St. Pius I, a great Pope of the Second Century, is said by tradition to have established a baptistery in the house of the Prudenti, or de Pastore. His bother is the author of the Shepherd of Hermas which has been styled a “vast examination of the conscience of the Roman Church at the end o the first half of the Second Century.” To St. Pius is attributed the fixation of the Feast of the Resurrection on Sunday, which day then became the central Sunday of the year. He was buried in the Vatican.
(Source: The New Roman Missal, Rev. F. X. Lasance)
Felicitas and her seven sons were put to death for the Faith, about the year 162, under Marcus Aurelius. The sons preceded their mother to heaven; she followed them four months afterwards. In order to strike terror into the hearts of the Christians the death sentences were not all carried out in the same place, for Januarius was beaten to death with leaden scourges and was buried in the Cemetery of Praetextatus, Felix and Philip died under the whip and received burial in that of Priscilla, Silanus was thrown from a precipice and was interred with his mother in the Cemetery of Maximus, Alexander, Vitalis and Martial were beheaded and were given the honor of sepulture in the Cemetery of the Giordani.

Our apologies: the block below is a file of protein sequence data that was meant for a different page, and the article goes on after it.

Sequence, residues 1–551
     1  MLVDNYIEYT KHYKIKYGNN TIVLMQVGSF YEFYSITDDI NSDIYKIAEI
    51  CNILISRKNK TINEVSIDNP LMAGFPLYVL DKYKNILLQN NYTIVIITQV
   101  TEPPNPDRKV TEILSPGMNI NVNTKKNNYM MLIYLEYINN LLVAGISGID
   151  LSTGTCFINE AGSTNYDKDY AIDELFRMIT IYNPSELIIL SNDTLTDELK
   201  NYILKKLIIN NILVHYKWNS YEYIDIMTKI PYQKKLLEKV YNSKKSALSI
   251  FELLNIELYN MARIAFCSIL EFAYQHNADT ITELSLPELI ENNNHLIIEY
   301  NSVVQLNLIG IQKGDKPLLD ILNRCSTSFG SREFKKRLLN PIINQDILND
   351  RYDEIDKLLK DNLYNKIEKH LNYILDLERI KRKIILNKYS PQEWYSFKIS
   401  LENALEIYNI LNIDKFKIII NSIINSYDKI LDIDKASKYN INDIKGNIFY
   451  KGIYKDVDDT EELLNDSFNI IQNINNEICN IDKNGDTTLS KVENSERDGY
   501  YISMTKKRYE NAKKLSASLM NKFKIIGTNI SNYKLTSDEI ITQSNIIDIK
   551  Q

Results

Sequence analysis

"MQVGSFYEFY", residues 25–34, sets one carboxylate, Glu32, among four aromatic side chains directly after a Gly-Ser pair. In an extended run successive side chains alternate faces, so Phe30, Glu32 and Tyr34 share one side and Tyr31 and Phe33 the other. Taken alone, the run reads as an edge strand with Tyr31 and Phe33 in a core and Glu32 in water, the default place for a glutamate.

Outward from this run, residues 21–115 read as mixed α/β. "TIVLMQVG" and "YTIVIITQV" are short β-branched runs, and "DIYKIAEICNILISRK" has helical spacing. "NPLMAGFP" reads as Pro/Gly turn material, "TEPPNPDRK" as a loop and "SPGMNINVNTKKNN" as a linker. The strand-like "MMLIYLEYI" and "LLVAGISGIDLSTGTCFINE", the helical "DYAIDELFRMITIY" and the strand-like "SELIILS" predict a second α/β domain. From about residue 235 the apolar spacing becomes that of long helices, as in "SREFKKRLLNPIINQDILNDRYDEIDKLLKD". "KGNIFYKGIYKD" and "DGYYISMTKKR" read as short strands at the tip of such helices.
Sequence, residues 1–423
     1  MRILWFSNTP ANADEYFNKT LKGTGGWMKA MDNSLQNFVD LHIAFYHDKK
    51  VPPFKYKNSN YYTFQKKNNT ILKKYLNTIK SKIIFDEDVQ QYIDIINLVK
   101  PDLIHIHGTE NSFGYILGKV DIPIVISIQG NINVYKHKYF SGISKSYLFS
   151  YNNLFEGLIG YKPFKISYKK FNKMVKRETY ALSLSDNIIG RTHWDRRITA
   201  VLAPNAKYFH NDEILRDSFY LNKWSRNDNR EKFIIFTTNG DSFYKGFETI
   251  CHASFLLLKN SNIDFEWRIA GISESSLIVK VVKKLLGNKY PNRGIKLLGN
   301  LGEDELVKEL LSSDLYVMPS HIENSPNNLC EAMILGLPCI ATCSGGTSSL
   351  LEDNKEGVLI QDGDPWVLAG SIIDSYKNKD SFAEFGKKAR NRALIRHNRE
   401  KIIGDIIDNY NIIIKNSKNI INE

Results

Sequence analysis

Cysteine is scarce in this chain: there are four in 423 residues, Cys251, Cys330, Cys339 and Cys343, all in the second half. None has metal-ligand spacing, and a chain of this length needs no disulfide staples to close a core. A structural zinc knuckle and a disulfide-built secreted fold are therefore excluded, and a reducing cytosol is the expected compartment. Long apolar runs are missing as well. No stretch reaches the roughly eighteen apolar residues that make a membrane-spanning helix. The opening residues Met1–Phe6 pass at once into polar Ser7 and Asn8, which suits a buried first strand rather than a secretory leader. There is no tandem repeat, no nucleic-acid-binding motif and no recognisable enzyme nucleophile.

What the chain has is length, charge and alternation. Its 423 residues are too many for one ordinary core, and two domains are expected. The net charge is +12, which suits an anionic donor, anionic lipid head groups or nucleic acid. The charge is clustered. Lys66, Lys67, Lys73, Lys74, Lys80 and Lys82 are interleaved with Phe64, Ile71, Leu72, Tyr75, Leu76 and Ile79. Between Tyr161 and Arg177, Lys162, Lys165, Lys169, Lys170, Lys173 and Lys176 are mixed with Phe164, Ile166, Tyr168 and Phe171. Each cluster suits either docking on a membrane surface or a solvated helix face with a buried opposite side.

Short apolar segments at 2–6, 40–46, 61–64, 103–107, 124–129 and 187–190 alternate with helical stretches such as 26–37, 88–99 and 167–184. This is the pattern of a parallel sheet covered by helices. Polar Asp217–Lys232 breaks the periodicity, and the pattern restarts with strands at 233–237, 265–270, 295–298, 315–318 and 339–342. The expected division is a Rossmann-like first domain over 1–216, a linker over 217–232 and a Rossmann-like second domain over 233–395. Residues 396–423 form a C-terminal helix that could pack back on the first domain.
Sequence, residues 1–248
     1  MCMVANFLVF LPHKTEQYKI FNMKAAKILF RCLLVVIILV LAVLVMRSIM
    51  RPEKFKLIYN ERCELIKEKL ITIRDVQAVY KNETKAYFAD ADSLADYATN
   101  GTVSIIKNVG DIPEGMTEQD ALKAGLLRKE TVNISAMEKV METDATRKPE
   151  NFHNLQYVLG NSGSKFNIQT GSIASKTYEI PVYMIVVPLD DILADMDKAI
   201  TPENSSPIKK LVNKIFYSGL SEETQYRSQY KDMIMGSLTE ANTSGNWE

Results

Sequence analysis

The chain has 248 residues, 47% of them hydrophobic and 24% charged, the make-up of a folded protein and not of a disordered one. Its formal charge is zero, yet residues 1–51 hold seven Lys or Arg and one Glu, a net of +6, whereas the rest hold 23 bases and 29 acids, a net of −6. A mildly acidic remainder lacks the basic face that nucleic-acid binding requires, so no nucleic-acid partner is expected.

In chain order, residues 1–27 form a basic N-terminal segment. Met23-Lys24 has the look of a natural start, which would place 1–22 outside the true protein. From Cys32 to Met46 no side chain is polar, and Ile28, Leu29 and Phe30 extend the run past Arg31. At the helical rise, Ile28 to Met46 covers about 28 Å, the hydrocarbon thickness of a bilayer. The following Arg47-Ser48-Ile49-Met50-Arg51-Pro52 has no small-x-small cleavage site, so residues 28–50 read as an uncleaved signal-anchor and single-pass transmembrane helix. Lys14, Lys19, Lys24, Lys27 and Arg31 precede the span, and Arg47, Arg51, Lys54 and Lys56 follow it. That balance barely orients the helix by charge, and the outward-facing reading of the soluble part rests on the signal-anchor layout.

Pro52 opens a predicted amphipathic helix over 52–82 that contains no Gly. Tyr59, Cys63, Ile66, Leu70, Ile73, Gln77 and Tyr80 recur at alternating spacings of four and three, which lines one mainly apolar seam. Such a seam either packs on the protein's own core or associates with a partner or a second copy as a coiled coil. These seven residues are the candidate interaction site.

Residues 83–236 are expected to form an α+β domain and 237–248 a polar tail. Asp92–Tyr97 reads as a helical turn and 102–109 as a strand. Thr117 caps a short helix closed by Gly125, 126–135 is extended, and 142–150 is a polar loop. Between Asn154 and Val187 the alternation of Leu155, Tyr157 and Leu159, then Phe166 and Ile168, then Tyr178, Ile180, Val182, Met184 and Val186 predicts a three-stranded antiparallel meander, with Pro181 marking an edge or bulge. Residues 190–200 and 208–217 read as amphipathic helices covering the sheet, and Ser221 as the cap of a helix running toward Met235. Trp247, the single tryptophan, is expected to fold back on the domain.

St. John Fisher, born at Beverly, Yorkshire, Englandin 1469, was the son of a draper. He was educated At Cambridge and thereafter was always connected with the life of the university. He was appointed Bishop of Rochester in 1504 and in the same year was elected Chancellor of Cambridge University, to which post he was elected annually for ten years and then appointed for life. When the question of the divorce of Henry VIII from Queen Catherine arose, Fisher became the queen’s chief supporter and most trusted counselor.